Opinion: 15 Years Later, We Still Haven’t Applied Deadly Cedar Fire’s Lessons

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The Cedar Fire crosses Interstate 15, forcing drivers to turn away. Photo via Wikimedia Commons

By Jeff Bowman and Jeff Meston

For state and local government officials, the devastating and deadly wildfires of 2017 are a wake-up call. The growing natural disaster threats facing California communities can no longer be ignored.

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But for California’s fire service, these threats are more like déjà vu.

In the fall of 2003, a series of devastating wildfires consumed 740,000 acres in Southern California, including 273,000 in San Diego County — at the time the largest fire in the state’s history.

As the ruins of the more than 2,300 homes destroyed by San Diego’s Cedar Fire still smoldered, the governor appointed a Blue Ribbon Fire Commission consisting of fire chiefs, firefighters, disaster response experts and others to determine what actions were needed to prevent and better respond to catastrophic fires like the Cedar Fire.

What the commission found 15 years ago echoes today in the nearly 7,000 structures that burned last year in Sonoma, Ventura and Santa Barbara counties: “. . . while the bravery and dedication of California’s fire service continues to be exemplary, many lessons from similar past tragedies have gone unlearned by those responsible for development of fire safety and prevention policies.”

It is a sad commentary that California’s fire service is still asking lawmakers to fund several of the recommendations that the commission made.

A broad coalition of fire chiefs, rank-and-file firefighters, local governments and other disaster response agencies is making a new push to implement some of the commission’s recommendations.

Organized under the banner of Disaster Readiness for Safer Communities, the coalition is asking the legislature and Gov. Jerry Brown to allocate an additional $100 million in next year’s state budget to modernize emergency communications and strengthen the ability of local fire departments to be deployed to major disasters through California’s Mutual Aid System.

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Primary among the coalition’s proposals — first identified in the 2003 report — is to “provide funding so emergency resources can be pre-deployed when predicted and/or actual fire conditions present themselves before conflagrations develop.”

Pre-positioning sends firefighters, rescue workers and equipment to areas experiencing extreme weather conditions and that present a high risk of fires, mudslides and other disasters before those disasters occur. This strategy allows fire crews to move quickly to attack fires when relatively small and prevent them from becoming too large to control. It allows them to warn residents in advance of disasters and to respond immediately when disasters strike.

In addition to pre-positioning, this funding would be used to update the process for requesting Mutual Aid, provide real-time data on the location of resources and deploy additional emergency dispatchers when the threat of natural disaster is high. These steps are vital for creating better situational awareness of emerging threats and prevent the Mutual Aid System from becoming overwhelmed at critical moments, a challenge that created bottlenecks and delayed the arrival of additional firefighting teams during the Sonoma and Napa County fires.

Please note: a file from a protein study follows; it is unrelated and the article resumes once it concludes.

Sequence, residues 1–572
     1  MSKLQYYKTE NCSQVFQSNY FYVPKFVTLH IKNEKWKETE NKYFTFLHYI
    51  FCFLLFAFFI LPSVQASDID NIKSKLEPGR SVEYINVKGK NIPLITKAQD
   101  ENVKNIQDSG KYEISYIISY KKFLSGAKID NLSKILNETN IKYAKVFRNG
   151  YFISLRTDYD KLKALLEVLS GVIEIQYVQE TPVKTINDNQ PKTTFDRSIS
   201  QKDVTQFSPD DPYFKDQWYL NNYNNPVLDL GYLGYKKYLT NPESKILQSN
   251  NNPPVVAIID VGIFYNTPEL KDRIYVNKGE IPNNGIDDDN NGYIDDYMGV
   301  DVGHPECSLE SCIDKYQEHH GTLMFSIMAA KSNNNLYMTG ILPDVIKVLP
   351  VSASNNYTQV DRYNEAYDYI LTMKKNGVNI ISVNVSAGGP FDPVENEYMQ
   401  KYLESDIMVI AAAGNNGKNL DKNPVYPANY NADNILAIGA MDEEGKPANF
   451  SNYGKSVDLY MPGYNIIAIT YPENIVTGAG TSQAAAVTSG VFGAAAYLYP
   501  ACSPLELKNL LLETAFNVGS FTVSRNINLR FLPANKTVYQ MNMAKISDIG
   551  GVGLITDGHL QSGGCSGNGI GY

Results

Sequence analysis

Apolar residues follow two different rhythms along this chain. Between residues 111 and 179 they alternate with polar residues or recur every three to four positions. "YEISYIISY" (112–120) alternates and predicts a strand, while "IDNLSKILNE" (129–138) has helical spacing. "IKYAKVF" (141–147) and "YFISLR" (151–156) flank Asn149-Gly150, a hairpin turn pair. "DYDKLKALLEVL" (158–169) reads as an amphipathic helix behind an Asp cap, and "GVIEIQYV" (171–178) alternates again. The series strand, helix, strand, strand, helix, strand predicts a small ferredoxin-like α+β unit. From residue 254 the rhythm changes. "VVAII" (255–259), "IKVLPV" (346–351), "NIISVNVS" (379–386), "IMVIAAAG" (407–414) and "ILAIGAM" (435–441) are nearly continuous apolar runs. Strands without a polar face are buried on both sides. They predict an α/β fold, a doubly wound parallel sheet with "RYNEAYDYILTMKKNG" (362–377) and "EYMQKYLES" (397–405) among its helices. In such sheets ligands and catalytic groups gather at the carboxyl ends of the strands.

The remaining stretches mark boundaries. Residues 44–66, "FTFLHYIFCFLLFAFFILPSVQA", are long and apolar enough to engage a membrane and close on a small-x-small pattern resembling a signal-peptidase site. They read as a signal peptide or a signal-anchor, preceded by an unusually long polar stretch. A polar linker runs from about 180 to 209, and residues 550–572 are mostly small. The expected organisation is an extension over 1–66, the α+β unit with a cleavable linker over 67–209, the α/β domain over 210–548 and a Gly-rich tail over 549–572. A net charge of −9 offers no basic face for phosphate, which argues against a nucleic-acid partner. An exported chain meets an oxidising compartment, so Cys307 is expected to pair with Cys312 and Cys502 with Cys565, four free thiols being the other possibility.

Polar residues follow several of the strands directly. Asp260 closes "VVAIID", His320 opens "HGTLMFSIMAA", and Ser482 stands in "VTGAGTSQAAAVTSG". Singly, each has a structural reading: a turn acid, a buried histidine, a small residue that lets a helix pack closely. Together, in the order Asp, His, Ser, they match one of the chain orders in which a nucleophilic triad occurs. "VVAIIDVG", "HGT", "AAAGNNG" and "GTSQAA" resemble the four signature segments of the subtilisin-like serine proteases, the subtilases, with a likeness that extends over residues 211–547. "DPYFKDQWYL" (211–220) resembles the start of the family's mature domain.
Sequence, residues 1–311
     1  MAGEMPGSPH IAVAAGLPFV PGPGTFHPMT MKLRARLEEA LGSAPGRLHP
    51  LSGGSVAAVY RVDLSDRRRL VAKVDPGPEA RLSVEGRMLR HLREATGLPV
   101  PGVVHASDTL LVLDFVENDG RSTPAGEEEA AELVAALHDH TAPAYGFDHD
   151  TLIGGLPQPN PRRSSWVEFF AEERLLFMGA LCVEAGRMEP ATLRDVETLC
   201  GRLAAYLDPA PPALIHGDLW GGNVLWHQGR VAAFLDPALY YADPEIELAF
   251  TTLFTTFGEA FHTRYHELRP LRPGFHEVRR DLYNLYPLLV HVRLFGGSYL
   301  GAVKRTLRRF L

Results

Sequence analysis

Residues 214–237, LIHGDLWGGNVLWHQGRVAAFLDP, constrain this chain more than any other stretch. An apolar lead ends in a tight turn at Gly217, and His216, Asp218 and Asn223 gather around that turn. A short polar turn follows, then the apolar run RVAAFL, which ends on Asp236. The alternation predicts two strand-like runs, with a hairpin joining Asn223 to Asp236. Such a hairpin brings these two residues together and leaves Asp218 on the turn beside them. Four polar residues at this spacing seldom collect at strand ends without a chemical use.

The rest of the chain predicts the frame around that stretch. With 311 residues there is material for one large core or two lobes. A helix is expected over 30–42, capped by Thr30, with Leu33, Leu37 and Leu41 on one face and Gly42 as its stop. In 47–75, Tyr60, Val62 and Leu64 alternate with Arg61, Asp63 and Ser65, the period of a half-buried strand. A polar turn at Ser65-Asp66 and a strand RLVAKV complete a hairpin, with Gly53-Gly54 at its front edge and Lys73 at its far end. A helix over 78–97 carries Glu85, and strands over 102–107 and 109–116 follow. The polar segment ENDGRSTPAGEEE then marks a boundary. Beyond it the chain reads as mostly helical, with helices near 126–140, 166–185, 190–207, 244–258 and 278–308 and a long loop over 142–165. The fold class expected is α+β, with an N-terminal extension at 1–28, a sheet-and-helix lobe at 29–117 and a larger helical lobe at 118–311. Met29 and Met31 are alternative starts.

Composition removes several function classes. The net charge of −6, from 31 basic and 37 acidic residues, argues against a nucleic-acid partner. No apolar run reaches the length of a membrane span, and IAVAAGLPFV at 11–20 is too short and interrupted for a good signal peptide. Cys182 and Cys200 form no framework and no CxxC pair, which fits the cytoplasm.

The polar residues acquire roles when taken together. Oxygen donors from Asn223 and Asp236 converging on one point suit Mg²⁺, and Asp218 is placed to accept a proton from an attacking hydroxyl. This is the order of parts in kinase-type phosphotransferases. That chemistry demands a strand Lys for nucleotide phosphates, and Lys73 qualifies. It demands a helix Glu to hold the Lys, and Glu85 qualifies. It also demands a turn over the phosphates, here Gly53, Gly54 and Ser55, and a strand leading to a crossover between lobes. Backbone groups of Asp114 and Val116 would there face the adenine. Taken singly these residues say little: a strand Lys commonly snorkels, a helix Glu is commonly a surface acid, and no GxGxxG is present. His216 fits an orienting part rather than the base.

Why do firefighters feel this renewed urgency need now? Because California’s most recent series of mega fires dwarfed the size of the 2003 blazes and burned 1.3 million acres — almost twice the number of acres burned in 2003.

With the increasingly extreme weather patterns that are associated with climate change, these larger and more ferocious fires are becoming ever more common — the new normal for California, as Gov. Brown has acknowledged.

The state’s Mutual Aid System is an effective mechanism for sending help in response to disasters, and allows local governments to recover their costs when mobilized. In disasters like the Cedar Fire or the fires that swept through large areas of California last year, multiple strike teams from a single jurisdiction can be mobilized for days or weeks at a time.

Unfortunately, the Governor’s Office of Emergency Services lacks the funds and the mechanisms to allow the Mutual Aid System to effectively utilize pre-positioning as a contemporary disaster response strategy. The reality is that without the ability to recover costs, local governments are financially unable to provide the mutual aid assistance that is so important to California’s public safety network.

The $100 million funding request would enhance the Mutual Aid System by allowing state and local fire officials to use improved weather and other forecasting technologies to deploy firefighters and disaster response personnel where they are most needed — before disasters strike.

We should not wait to learn lessons from yet another series of tragic disasters.

This should be the year that we ensure the Mutual Aid System becomes a more effective, adequately funded system able to make full use of modern firefighting and disaster response tools and strategies.


Jeff Bowman served as the fire chief of San Diego Fire-Rescue from 2002 to 2006 and the Orange County Fire Authority from 2014 to 2017. Jeff Meston is fire chief of South Lake Tahoe Fire Rescue and president-elect of the California Fire Chiefs’ Association.

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